Maven’s mother Elara catches Mare, but her newbloods rescue her, until they are chased onto the tarmac. Outlining more of the prison’s stupidity, they didn’t destroy the two aircraft sitting on the runway, allowing all the newbloods to take off without chase, and without being fired upon. Elara catches them on the tarmac, too, and starts getting into their minds, but when Shade is killed by a bullet meant for Mare, Mare takes all her pent up energy and throws it at the Queen, killing her.

They bring the bodies of Shade and the Queen back to the island, where they present them to the Colonel, and even hijack a TV broadcast (like in Mockingjay) to show the nation.

Unfortunately, the book didn’t end with the rescue of the prisoners. Like others, I also think it’s stupid to allow all those silvers on the island; only Julian and Sara have proven themselves; they should have stopped at an intermediary point, as there’s no certainty that they will embrace the cause of the Scarlet Guard. In fact, I’m sure most of them won’t, as they haven’t given much thought to the injustice –it even took Cal a long time to see their point of view.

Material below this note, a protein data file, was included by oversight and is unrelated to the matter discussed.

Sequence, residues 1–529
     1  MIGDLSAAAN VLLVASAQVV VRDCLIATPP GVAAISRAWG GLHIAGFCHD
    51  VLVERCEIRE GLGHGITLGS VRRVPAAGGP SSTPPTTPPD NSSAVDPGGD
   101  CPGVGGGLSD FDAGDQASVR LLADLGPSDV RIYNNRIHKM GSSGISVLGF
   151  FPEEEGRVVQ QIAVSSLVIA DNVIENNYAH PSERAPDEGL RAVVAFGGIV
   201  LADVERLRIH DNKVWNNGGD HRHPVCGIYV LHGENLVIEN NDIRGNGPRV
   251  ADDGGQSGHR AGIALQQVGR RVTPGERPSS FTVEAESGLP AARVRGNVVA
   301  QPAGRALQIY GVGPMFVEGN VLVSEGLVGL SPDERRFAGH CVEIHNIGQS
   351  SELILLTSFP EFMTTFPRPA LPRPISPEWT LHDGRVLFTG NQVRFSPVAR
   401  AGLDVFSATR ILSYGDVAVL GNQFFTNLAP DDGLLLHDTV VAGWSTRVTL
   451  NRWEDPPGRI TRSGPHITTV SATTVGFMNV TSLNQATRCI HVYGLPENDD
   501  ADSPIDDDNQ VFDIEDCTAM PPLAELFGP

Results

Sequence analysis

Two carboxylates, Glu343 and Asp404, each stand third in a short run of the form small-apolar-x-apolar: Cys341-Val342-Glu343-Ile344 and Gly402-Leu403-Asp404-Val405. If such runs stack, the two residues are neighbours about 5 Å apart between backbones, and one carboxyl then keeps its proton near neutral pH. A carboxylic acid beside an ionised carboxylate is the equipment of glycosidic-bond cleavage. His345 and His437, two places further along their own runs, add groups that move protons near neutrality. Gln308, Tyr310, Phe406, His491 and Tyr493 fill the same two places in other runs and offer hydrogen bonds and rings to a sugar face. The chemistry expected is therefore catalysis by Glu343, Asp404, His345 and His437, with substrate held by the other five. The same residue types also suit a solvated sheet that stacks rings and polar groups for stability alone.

Mare is invited to join an international group that prioritizes newbloods, and has silvers and reds mixed together in their society. I wonder, though, how fair and just it actually is…

Mare unleashes her fury on the Colonel next, who concedes to her next mission –to rescue the underaged infantry group being sent to the war front. The jet is shot down, and they are all captured. The book ends on another cliff-hanger, which I’m okay with, as Mare is shown to the nation, and it’s revealed that Jon is standing at his side, making us question whether Mare made another questionable choice about which man to follow.

I’ll have to move on to the next book, just to see what happens, but I hope Mare grows a sense of reasonability, not just trying to reverse the roles of society. As she already noted to herself, she’s broken every promise she’s ever made, from Cal to Kilorn, and even to the newbloods when she forced Cameron, who can suck away powers like the boy in X-Men 3, to join them on the prison break –against her will. I guess she has to fall before she can rise up. I hope it’s an interesting rise, because the fall was hard to bear.